Nor could Neil Postman have known back in 1985 that casino gambling was about to be fully destigmatized within a decade--and delicately renamed "gaming." The resulting shift in public attitudes would not only definitively cleanse Vegas's image but also net it a growing bonanza. As recently as 1988, casino gambling was legal only in Nevada and in Atlantic City. But as American industry continued to wash up offshore and the commercial tax base atrophied, one strapped state and municipality after another turned its forlorn eyes toward the gaming tables and slot machines. Impoverished Indian tribes were more than willing to sign gambling compacts with state governments. The result: Now twenty-seven states have Nevada-style casinos, and forty-eight states have at least some form of legal gambling. With local budgets again being squeezed by burgeoning deficits, government itself is thinking about going into the casino business. In the spring of 2003, Chicago Mayor Richard Daley said he'd like to open a municipal casino. Before the 1989 opening of the Mirage unleashed the New Vegas revolution, only 15 percent of Americans had ever visited the city. By mid-decade that number had doubled. In its 1996 annual report, Circus Circus celebrated the news: "In an era when social attitudes toward play, and the means to afford it, have dramatically changed, so has the role of the casino."
The past seven years have shown an ever more dramatic shift toward the mainstreaming of gambling. A gambling-industry poll claimed that in the single year of 2001, 51 million Americans--more than a quarter of the population over age 21--visited a casino, chalking up a national total of almost 300 million visits. More than 430 commercial casinos nationwide brought in $26.5 billon in revenue--two and a half times what Americans spent on movie tickets, $5 billion more than they spent on DVDs and videos, and $3 billion more than on cosmetics and toiletries. The explosion of legalized gambling nationwide has had little but positive impact on Las Vegas. "All it did was increase the average Joe's appetite for gambling," says a veteran Vegas Strip pit boss. "You know, it's like baseball. We see all those local Indian casinos and riverboat casinos and local slot parlors as our farm teams. They suck in a lot of average American types who never thought about gambling before. But once you play on the farm team, who doesn't want to play in the majors? And Las Vegas is the friggin' World Series. It's kind of like, You build the casinos out there and they'll come. But eventually they'll come here."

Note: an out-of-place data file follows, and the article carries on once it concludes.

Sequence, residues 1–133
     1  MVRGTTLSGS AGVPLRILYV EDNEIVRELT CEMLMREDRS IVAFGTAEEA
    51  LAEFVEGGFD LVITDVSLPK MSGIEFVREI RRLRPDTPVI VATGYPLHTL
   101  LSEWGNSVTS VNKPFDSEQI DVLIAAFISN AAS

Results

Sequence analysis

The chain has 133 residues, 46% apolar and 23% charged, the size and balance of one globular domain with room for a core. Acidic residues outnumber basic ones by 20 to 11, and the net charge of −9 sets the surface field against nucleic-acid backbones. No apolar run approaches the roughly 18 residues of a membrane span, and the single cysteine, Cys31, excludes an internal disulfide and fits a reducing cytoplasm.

The difference between the marketing of Vegas a half-century ago and today is precisely the difference in mainstream American attitudes. "Fifty years ago, Lucille Ball was pregnant, and they couldn't say that word on I Love Lucy,'' says historian Green. "Today we have lesbian kisses on TV. We have the word 'bullshit' on prime time, not to talk about cable programming. As the culture has become more open, Las Vegas can market itself more honestly." And, Green might add, there's a whole new line of Lucy-themed slot machines now out on casino floors.
In a time when Martha Stewart gets busted, Mark McGwire is on chemicals and Sammy Sosa gets caught with a corker; when everyday economic life in America has become a breathtaking risk and it's an all-out crapshoot whether you'll still have a job next month or your HMO will cover your spinal tap or you can hock the house for enough to pay for your kid's college tuition, who can say whether it would have really been that stupid to let it all ride on 18 Red? Was it smarter to invest ten years of savings in an Enron-backed 401(k) or to spend your time studying the probability charts for single-deck blackjack? Is the integrity of the roulette wheels at the Bellagio more tainted than the quarterly corporate reports coming out of WorldCom? Both are iffy propositions, but at least in Vegas the rules of the game are clear-cut, the industry tightly regulated and the unfavorable odds publicly posted. There are no multimillion-dollar-a-year cable TV touts telling you that red or black or double-zero green is the next best thing or that life somehow owes you an eternal double-digit annual return. Haven't we, in fact, reached a point in our culture where the button-down bankers and arbitrageurs have become the reckless "casino capitalists," while those who actually run the casinos can get away with labeling themselves responsible and conservative "entertainment visionaries"? Even if they are, increasingly, often the same people?
A couple of years back at a gambling industry convention in Las Vegas, the chief financial officers of three major casinos sat on a public panel. When someone from the floor asked if investment in the casino business was a good bet, one of the CFOs answered, essentially: The difference between us and Enron is that at least our money is real. That globally recognized icon of Las Vegas, the neon-lit, hand-waving cowboy Vegas Vic, unveiled in 1947 and still presiding over downtown's Fremont Street, used to regularly and electronically call out "Howdy, pardner" until the complaints of card-groggy hotel guests got him permanently muted. But if Vic could speak today, he might well be saying, "Welcome to Las Vegas, pardner. The last honest place in America."